Sponsors for the James Beard Foundation’s Chefs Champagne include Wölffer Estate Vineyard (host venue); Champagne Barons de Rothschild (exclusive champagne); Neuman’s Kitchen, Events Catering (VIP after-party); Alfredo Prodotti, Audi, Big Green Egg, Brewery Ommegang, FreshDirect + FoodKick, Gokokuya, Hamptons.com, Hamptons Magazine, KAMUT®, Melissa’s® Produce, The Ritz-Carlton Residences, Miami Beach, Royal Cup Coffee and Tea, Saratoga Spring Water, Tito’s Handmade Vodka, VerTerra Dinnerware, Windstar Cruises, and WVVH.

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‘Bambi’ turns 75; PBS salutes unsung artist – Orlando Sentinel

Happy 75th anniversary, “Bambi.”

The animated Disney classic has thrilled, charmed and scared moviegoers since its release Aug. 21, 1942.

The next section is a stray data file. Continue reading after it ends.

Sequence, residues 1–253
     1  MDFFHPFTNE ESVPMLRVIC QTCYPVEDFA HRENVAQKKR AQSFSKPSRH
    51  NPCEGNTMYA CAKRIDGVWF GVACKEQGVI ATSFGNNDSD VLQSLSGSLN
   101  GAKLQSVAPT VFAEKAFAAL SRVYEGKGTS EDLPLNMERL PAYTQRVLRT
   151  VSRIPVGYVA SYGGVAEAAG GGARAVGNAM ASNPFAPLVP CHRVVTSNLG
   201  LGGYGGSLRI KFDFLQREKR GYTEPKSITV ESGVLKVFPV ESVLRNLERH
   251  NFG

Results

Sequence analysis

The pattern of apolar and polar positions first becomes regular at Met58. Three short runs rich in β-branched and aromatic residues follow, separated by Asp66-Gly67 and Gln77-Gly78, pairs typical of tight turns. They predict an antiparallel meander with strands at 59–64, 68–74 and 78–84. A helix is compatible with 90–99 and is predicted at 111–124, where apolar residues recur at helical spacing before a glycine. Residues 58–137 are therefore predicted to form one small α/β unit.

PBS’ “American Masters” is drawing attention to “Bambi” and Chinese-American artist Tyrus Wong, who helped give the nature drama its unusual atmospherics. Walt Disney liked Wong’s paintings and made him the inspirational sketch artist for the movie.

Wong will be celebrated in the documentary “Tyrus,” which debuts nationwide at 9 p.m. Sept. 8.

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Choosing Kitchen Cabinetry – Drawers vs. Doors

Storage in kitchen cabinetry is one of the many decisions a homeowner must make when it comes to designing or renovating their kitchen. For many, the question of using drawers versus door cabinetry can become overwhelming; there are so many options and styles out there.

Cabinet Doors: The Pros and Cons